FOR the first time in my life I found myself agreeing with Nick Clegg this week – and it is not an entirely comfortable feeling.
The Deputy Prime Minister was talking about the expected influx of immigrants into the UK from Romania and Bulgaria in the New Year when he said “pulling up the drawbridge” by placing a cap on the number of EU migrants – an idea floated by senior Conservatives – was “illegal” and “unworkable”.
For once in his career the Lib Dem leader is absolutely right. We knew the rules of the EU club when we agreed to join. And one of those rules is the free movement of labour, allowing EU citizens to live and work in member states without the need for visas, residency or work permits.
Indeed, hundreds of thousands of Britons have taken advantage of this rule by working in Germany and France or retiring to Portugal and Spain.
It is a bit late to start moving the goalposts in the middle of the game – but that is exactly what Cameron and the Conservatives are trying to do. And I am afraid our European masters will not allow them to get away with it.
We have known for seven years this crisis was coming. Romania and Bulgaria became members of the EU in 2007, but temporary restrictions were imposed limiting the rights of movement of the citizens of those two countries.
Those restrictions come to an end on January 1, and 21 million Romanians and seven million Bulgarians will have the same rights to live and work – and claim benefits – in the UK as people who have lived here all their lives.
That’s what the EU rules say. If Turkey ever succeeds in joining the EU, then 74 million Turks will also have the right to come to the UK.
How many Romanians and Bulgarians will arrive after January 1? Nobody knows – not even the Government. Previous estimates about Poles proved a wild underestimate. The then Labour government guessed 13,000 a year. The true figure was more than a million.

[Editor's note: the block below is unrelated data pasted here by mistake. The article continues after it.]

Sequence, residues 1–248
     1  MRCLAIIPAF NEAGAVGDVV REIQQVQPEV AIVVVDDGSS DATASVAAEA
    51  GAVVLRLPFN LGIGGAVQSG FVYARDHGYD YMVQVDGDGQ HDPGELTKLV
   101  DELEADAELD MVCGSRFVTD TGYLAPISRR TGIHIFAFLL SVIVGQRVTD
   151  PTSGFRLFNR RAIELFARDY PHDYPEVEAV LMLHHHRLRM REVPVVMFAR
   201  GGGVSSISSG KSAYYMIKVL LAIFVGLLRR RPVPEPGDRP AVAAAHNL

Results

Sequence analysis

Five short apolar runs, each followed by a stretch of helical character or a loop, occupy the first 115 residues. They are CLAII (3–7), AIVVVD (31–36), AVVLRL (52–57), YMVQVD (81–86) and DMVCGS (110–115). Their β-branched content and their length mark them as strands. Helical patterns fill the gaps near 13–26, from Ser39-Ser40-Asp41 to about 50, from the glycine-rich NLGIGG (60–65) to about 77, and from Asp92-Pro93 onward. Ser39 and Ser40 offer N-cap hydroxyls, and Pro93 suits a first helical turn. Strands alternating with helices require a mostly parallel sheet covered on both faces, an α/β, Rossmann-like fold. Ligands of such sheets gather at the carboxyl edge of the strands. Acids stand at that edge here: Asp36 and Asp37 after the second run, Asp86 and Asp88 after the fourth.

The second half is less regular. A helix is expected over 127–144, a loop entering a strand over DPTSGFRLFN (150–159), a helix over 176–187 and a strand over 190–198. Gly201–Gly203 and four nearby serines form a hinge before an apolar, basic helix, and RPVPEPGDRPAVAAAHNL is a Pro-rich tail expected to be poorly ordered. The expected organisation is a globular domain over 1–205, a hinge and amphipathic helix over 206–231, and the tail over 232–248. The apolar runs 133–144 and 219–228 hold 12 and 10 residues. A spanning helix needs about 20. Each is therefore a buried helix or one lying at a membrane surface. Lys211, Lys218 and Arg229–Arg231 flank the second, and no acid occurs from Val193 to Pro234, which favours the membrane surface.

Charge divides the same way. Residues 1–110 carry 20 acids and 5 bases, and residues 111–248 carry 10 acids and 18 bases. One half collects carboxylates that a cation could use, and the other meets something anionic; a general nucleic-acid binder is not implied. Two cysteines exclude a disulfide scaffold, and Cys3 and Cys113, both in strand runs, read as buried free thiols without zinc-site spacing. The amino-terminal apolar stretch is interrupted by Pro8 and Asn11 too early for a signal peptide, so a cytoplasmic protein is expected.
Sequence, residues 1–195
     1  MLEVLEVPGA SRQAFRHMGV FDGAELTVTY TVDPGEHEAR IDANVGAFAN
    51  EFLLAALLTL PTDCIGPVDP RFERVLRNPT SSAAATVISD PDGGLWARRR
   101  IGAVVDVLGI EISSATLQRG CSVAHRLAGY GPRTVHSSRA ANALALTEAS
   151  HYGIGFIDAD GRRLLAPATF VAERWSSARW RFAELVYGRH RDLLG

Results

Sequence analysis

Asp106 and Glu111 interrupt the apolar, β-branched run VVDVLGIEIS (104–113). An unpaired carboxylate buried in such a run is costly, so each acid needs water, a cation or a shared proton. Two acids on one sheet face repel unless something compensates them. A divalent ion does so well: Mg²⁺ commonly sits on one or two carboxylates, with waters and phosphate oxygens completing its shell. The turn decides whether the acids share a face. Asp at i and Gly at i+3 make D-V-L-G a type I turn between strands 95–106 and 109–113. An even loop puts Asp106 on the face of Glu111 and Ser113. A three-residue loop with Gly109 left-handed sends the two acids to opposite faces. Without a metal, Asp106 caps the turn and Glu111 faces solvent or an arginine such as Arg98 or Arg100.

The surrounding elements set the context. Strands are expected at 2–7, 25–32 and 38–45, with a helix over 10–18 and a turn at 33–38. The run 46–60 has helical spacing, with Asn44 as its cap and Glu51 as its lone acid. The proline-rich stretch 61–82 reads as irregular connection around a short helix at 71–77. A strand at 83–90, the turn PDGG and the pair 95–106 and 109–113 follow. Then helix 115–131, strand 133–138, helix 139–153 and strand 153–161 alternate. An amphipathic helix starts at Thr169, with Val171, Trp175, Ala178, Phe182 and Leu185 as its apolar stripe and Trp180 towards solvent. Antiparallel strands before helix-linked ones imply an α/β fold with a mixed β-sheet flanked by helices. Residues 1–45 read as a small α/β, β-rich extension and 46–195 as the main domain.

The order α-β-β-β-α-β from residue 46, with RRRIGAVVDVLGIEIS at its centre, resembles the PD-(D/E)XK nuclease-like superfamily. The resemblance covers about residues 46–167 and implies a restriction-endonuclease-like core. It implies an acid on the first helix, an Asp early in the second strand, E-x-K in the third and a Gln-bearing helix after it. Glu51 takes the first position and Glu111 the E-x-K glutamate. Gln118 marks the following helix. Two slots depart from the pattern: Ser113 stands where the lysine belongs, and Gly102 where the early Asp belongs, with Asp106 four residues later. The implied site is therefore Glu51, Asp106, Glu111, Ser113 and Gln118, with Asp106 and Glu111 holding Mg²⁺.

Now, with less than two weeks to the deadline, the Conservatives are desperately trying to look tough on immigration. Why the sudden panic? Because their private polls show immigration is a hot button issue with voters.
Ukip is already poised to inflict serious damage on the Tories in May’s elections and another wave of immigration, putting further pressure on housing, schools and the NHS, will add to the problems of Cameron and co. Hence the rash of unworkable and illegal schemes to limit immigration which the bureaucrats in Brussels will simply brush aside.
If we really want to regain control over our borders there is only one way to do it – leave the EU and put immigration policy back in the hands of our elected and accountable representatives in Westminster.
In other words, if we don’t like the rules of the club, we should stop moaning about it and simply quit.
Gift of the grab
DONE all your Christmas shopping yet? Me neither!
Every year it is the same – a mad dash around the High Street on Christmas Eve trying to get everything before the shops close.
And every year I promise myself that next year I’ll be more organised – only to fall into the same panic-stricken trap 12 months later.
Meanwhile my serene other half wisely started buying presents back in August in order to spread the cost, and was done and dusted with her shopping over a week ago.
Whatever the state of your shopping plans – whether you are feeling increasingly frantic or quietly smug – I would like to wish all readers of this column a very merry Christmas and a prosperous and peaceful New Year.